Garnishing decorations on a tree is a time-honored Holiday tradition. Tree decorating as we know it today only started to gain popularity in American in the late 19th century, with decorations made by hand, from colorful ornaments to brightly dyed popcorn garlands. Today decorations include everything from passed-down heirloom ornaments to favorite food-themed ornaments wrapped twinkling lights and textured garlands. With so many decorations to choose from, it’s hard not to want to put everything on the tree. Here’s some editing tips to decorate your tree to look like it’s photo-ready for Elle Décor, or for family memory-making photos.
Challenge: Deciding on a Theme
Examine your collection closely and ask yourself: Is there an ornament that is particularly meaningful this year? Is there something that just must be present every year? How do you envision your tree to look? For example, are you leaning towards bold and bright or would you prefer to keep the mood soft and serene? After you’ve figured this out, focus on your favorites and set aside the ones that naturally belong together. Commit to pulling this look together from top of the tree to bottom. For instance, a wintry wonderland tree might have snowflakes in all shapes and sizes (big, small, round), paired with shimmery silvers and golds to keep the look warm and sophisticated.
Challenge: Decorating With Garland
Garland instantly adds pops of color and rich texture to trees, banisters, even mantels. These festive strands can also act as miracle workers concealing those inevitable bare spots in-between branches. Start by committing to one color palette. Choose something with depth, like a deep crimson, and then soften it up with complementary tones in pale pink, charcoal grey, and creamy ivory. As long as you stick within the same color family, you can play up the fun, unexpected factor like wrapping branches with pom poms, mittens, and mini ornaments.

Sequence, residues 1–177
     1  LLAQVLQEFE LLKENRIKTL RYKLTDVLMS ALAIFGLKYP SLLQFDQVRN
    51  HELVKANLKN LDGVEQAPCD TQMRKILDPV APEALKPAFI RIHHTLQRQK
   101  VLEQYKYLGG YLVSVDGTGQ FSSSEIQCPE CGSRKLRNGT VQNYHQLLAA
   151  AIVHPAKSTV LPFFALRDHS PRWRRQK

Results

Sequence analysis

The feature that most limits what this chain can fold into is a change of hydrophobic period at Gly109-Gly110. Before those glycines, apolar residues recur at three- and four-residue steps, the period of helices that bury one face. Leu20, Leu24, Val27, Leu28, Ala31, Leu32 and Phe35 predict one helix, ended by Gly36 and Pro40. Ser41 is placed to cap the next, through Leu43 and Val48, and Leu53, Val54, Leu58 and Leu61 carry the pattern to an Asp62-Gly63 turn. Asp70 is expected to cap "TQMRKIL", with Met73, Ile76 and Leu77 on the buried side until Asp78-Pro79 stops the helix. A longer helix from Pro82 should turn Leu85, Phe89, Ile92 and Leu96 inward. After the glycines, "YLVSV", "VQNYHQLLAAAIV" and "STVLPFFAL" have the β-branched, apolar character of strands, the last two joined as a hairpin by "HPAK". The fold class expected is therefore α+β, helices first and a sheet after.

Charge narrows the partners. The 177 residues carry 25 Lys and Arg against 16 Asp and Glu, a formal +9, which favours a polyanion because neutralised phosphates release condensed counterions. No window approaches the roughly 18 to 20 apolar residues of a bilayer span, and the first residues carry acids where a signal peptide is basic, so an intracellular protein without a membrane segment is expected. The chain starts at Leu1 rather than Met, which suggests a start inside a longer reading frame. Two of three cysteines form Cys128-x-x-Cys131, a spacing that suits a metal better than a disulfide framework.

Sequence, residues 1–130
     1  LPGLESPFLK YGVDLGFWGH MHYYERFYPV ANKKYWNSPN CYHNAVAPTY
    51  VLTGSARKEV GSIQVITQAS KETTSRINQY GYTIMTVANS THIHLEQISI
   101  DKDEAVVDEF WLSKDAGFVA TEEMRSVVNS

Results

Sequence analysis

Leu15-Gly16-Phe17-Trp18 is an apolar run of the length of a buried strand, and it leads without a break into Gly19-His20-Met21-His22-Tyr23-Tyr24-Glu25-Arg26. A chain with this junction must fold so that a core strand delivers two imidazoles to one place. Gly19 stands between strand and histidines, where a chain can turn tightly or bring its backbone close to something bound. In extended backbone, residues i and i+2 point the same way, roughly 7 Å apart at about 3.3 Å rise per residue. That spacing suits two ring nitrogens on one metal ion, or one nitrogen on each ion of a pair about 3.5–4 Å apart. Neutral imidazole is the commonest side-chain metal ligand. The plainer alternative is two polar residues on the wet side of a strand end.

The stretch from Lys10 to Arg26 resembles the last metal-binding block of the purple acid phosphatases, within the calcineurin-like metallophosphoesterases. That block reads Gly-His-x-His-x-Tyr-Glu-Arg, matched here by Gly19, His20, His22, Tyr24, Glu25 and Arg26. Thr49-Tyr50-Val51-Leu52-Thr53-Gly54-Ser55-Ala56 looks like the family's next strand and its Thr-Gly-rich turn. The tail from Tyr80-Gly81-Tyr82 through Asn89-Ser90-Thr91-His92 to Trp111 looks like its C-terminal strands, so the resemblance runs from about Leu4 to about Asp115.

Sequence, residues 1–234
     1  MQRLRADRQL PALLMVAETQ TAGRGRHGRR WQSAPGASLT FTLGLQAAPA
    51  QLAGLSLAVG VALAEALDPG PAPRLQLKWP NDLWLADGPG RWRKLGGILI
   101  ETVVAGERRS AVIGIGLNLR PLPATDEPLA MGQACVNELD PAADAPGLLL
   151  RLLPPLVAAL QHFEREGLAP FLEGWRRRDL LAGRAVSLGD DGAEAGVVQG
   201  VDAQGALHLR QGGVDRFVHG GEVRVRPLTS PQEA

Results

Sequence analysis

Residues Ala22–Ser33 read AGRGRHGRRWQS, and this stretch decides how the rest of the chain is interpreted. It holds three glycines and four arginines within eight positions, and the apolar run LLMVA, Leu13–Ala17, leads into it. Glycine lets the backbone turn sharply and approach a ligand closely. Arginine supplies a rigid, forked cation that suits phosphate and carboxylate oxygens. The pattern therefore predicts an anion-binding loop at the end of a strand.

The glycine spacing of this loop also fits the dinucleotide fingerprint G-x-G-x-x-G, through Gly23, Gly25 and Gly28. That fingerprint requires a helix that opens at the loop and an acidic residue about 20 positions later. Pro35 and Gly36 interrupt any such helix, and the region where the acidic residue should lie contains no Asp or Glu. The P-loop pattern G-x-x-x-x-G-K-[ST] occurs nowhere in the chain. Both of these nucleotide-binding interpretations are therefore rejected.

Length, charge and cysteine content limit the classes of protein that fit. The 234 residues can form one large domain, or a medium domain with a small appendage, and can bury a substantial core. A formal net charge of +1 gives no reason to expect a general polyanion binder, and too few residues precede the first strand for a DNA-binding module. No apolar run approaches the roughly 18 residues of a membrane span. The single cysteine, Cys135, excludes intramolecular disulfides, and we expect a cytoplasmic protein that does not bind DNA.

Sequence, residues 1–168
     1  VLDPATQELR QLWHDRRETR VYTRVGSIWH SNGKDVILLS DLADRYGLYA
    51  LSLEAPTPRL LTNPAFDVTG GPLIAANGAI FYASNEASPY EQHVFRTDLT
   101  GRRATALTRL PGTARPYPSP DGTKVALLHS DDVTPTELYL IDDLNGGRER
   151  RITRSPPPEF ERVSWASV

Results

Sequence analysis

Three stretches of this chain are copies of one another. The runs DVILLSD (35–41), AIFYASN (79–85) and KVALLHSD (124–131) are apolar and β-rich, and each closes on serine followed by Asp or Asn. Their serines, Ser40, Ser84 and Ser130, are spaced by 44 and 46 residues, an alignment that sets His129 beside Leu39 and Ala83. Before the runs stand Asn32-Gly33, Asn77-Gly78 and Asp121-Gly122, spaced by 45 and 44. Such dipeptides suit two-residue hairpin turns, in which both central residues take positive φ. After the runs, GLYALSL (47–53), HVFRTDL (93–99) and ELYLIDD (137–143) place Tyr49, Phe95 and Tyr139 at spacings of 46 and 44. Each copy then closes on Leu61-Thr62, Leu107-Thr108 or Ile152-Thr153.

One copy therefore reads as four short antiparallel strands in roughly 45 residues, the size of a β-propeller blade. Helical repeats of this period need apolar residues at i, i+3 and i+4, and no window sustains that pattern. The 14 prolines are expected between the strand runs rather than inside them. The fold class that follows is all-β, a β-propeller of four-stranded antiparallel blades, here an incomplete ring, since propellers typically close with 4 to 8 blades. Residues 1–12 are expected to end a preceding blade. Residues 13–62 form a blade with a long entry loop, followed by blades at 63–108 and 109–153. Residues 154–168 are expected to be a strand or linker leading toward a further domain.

Challenge: Too Many Ornaments
Start editing your collection by sorting. Empty the boxes and bins and organize the ornaments into categories: must-hang; maybe next year; never again. Once you’ve pared down to the tried–and–true favorites, find the palette that speaks to you. Dare to be a little different with a shocking lime green paired with shimmery neutrals, instead of traditional forest green. Then, focus on scale: Choose larger ornaments or ones with more unique shapes to hang first. Not only will these picks add more depth to the tree, they’ll also take up more space, which means fewer ornaments will be required.
Challenge: A Pet-safe Tree
Consider a tabletop tree that can stand out of harm’s way. Shop for ornaments that are shatter–resistant, made out of materials like cotton, felt or wool, and made of non-toxic materials.
Challenge: Mix Old Decorations with New
For starters, remember this is not a competition of old versus new. Thankfully, these ornaments can hang in harmony. In order for this to look just right, you’ll need to decide which favorites complement—don’t compete with—one another. Take it slow and go through your selection one by one. Start with a vintage pick like a beautiful golden owl, and then work in a modern find like the hot pink filial to balance it off. Continue with this process until your tree is complete.